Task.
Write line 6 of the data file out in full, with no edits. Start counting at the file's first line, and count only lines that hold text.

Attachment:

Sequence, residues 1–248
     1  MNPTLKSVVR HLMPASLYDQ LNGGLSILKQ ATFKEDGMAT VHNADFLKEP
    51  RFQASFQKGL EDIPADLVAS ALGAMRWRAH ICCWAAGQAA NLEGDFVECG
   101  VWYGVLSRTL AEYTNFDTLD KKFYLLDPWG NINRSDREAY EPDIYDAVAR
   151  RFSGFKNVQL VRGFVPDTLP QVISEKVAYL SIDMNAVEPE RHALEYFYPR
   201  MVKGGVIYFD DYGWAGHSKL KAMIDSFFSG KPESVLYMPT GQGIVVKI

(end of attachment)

   201  MVKGGVIYFD DYGWAGHSKL KAMIDSFFSG KPESVLYMPT GQGIVVKI